# Dividing by 100

Purpose

The purpose of this activity is to support students anticipating the result of dividing a whole number by 100.

Achievement Objectives
NA3-1: Use a range of additive and simple multiplicative strategies with whole numbers, fractions, decimals, and percentages.
NA3-2: Know basic multiplication and division facts.
NA3-4: Know how many tenths, tens, hundreds, and thousands are in whole numbers.
Required Resource Materials
Activity
1. Pose problems that require students to divide a two-digit whole number by ten. For example:
Make the number 500 with place value blocks.
If I make each block 100 times smaller than the size it is now, what number would I have? (5) How would we describe the size of the new number? (one hundredth of the previous number)
Let students predict the result. You may need to address student knowledge of one hundredth as the result of equally partitioning an amount into 100 equal parts.

2. Model dividing units by 100 by exchanging each flat block (a hundred) for a long block (a ten) and each long block (a ten) for a unit cube (a one). Move the blocks into their relevant place value columns.
What number have we made? What is different about 500 and this number? Emphasise that the new number, 5, is one hundredth of the original number, 500, because it is one hundred times smaller and 100 lots of 5 fit into 500.
Can we write an equation to describe this problem? (E.g. 500 ÷ 100 = 5).
Key in 500 ÷ 100 = 5 on the calculator and record the equation.

3. Let the students anticipate, and then solve, similar problems with materials. Model the operation with place value blocks, if necessary, until students anticipate the result. Good examples are shown below. Ensure students express the relevant equations, using a suitable means of expression (e.g. written, verbal), as they work. Also consider allowing students to work in groupings that will encourage peer scaffolding and extension. Some students might benefit from working independently, whilst others might need further support from the teacher.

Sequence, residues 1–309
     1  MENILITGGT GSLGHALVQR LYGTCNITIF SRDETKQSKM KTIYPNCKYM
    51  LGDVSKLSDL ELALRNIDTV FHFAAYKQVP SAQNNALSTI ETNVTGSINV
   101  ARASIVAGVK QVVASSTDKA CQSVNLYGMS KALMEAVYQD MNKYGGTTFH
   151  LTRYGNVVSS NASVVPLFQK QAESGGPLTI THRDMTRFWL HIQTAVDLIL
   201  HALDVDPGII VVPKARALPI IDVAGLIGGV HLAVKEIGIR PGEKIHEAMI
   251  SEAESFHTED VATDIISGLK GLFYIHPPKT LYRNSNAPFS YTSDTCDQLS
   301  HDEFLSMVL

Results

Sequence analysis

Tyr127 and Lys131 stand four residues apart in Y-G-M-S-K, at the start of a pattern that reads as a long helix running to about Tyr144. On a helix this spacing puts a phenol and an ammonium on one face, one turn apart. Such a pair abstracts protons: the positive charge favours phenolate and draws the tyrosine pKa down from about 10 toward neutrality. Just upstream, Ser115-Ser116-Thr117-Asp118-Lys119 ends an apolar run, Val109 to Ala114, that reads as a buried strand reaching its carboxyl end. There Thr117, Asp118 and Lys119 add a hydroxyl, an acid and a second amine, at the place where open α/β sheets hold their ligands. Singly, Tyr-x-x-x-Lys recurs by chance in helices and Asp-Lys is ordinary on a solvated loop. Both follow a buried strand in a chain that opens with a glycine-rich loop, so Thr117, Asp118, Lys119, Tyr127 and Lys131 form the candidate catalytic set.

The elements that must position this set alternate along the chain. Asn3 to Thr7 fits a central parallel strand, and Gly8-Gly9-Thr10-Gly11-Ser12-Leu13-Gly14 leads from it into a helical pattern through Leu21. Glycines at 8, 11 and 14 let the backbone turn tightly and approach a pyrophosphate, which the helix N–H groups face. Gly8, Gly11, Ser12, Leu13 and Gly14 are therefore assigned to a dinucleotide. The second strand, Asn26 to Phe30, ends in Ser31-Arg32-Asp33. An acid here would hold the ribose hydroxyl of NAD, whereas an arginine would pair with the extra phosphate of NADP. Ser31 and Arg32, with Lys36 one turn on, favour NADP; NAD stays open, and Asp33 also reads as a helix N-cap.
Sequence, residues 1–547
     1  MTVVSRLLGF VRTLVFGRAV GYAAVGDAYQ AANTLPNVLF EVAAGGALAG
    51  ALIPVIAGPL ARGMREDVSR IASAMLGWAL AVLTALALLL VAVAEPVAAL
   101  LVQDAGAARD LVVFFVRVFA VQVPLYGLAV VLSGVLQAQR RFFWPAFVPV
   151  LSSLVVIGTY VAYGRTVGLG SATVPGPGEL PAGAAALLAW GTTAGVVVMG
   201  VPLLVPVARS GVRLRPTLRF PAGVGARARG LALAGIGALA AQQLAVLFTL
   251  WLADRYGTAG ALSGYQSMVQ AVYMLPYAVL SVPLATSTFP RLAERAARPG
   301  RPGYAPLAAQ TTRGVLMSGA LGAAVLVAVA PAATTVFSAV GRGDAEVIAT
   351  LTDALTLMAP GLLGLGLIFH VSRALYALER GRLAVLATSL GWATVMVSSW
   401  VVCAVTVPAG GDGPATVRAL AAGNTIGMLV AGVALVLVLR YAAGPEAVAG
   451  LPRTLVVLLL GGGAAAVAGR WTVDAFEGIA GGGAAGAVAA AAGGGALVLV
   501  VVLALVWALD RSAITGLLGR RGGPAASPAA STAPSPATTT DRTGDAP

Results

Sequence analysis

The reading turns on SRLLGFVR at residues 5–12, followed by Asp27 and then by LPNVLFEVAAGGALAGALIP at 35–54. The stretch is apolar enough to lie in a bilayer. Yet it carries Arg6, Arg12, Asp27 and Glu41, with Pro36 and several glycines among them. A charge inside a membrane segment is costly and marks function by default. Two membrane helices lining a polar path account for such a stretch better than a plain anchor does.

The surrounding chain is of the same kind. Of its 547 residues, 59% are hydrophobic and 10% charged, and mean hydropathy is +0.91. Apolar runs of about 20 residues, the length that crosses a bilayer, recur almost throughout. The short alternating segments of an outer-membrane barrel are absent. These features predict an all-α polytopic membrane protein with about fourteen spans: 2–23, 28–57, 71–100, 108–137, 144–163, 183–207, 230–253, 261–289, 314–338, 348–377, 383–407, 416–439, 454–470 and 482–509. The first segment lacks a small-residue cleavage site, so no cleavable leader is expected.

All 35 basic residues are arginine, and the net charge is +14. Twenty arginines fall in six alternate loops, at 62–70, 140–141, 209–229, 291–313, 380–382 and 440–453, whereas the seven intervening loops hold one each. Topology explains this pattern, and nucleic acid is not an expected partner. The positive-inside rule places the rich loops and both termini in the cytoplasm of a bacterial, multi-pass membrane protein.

What number is one hundredth of 300?
What number is one hundredth of 800?

4. Repeat this process with numbers like 1400. Use blocks of ten hundred squares stapled together to represent thousands.
• Make 1400 using place value materials.
• Discuss what happens to 1400 and the place value materials when the number is divided by 100. Illustrate that 1000 partitioned in 100 equal parts creates ten (a strip of ten people). Exchange each square of 1000 for a ten strip, and each 100 for a single people.
What number is one hundredth of 1400? (14)
What equation can we write for this problem?
Key in 1400 ÷ 100 = 14 on the calculator and record the equation. You could write 1/100 x 1400 = 14 or 0.01 x 1400 to reinforce the connection to fractions and decimals, if appropriate.   1. Let the students anticipate, and then solve, further problems that involve dividing a four-digit number by 100. Model the operation with place value blocks, if necessary, until students anticipate the result. Use the calculator operation to encourage trust in the result. Good examples are shown below. Ensure students express the relevant equations, using a suitable means of expression (e.g. written, verbal), as they work. Also consider allowing students to work in groupings that will encourage peer scaffolding and extension. Some students might benefit from working independently, whilst others might need further support from the teacher.
What number is one hundredth of 2600?
What number is one hundredth of 3700?

Next steps

1. Progress from using materials to anticipating the results using only equations and words, and then patterns. Calculators can be used to confirm predictions. For example:
• 6000 ÷ 100 = 60
• 6700 ÷ 100 = 67
• 6780 ÷ 100 = 67.8 (What does the eight refer to? How are tenths created?)
• 6789 ÷ 100 = 67.89 (What does the nine refer to? How are hundredths created?)

1. Discuss what happens to the place values of different numbers as they are divided by 100 (they are made one one-hundredth of the size).
• Each one becomes worth one hundredth.
• Each ten becomes worth one tenth.
• Each 100 becomes worth one.
• Each 1000 becomes worth ten.

1. Provide problems framed in real-life, meaningful contexts in which whole numbers are divided by 100. Examples might be:
• 100 calves drink 2670 litres of milk in a week. How litres do one calf drink in a week?
• How many \$100 notes make \$7,800?
• You need 9500 eggs to make a super omelet.  The eggs come in trays of 100. How many trays do you need?